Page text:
A court in Myanmar ruled Thursday that prosecutors presented sufficient evidence against ousted leader Aung San Suu Kyi, Australian economist Sean Turnell and three other defendants to continue their trial on charges of violating the official secrets law.
The military’s takeover triggered peaceful nationwide protests that security forces quashed with lethal force, triggering armed resistance that some U.N. experts now characterize as civil war.
Turnell was arrested in Yangon, the largest city, a few days after the military seized power. He is being tried in the capital, Naypyitaw, with Suu Kyi and three former Cabinet members charged in the same case.
Violating the official secrets law carries a maximum penalty of 14 years in prison. The colonial-era statute criminalizes the possession, collection, recording, publishing or sharing of state information that is “directly or indirectly, useful to an enemy.”
The exact details of Turnell’s alleged offense and those of the others have not been made public, though Myanmar state television, citing government statements, has said the Australian academic had access to “secret state financial information” and had tried to flee the country.
Turnell is also being prosecuted under the immigration law, which carries a punishment of six months to five years’ imprisonment. Prosecutions under the immigration law are common for foreigners being held for other offenses.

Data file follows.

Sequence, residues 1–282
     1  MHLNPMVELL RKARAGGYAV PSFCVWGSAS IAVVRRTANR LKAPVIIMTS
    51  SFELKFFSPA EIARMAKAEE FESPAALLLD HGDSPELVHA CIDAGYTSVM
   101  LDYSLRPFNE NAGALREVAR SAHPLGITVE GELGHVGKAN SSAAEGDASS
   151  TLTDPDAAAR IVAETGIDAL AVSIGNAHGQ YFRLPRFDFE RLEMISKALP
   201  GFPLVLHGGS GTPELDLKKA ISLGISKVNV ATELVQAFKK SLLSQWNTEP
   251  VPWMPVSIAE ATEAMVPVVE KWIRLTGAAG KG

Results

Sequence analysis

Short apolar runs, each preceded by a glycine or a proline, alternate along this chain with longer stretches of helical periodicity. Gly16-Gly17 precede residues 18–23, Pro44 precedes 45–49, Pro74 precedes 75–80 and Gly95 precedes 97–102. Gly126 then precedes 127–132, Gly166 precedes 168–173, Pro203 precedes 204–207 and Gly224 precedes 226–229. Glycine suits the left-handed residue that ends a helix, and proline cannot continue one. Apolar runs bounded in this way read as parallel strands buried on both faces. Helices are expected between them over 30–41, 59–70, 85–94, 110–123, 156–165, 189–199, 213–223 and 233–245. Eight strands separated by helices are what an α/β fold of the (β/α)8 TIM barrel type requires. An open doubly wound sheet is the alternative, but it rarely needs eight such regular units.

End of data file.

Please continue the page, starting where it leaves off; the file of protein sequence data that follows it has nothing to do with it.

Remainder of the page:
A legal official who is familiar with Turnell’s case said he and his co-defendants were formally indicted Thursday, allowing their trial to continue. He spoke on condition of anonymity because he is not authorized to release information.
Under Myanmar law, a judge can order an end to a trial after the prosecution has presented its case if it is found to not have merit. If the judge finds the prosecution case credible, the trial continues into a second phase in which the defense presents its case and a verdict is rendered.
The court in coming weeks will hear the defense arguments, including a re-examination of the prosecution’s witnesses.
Suu Kyi is currently being tried in Naypyitaw on several charges including corruption and election fraud. The cases against her, lodged at the behest of the military-installed government, are widely seen as an effort to discredit her to prevent her return to politics.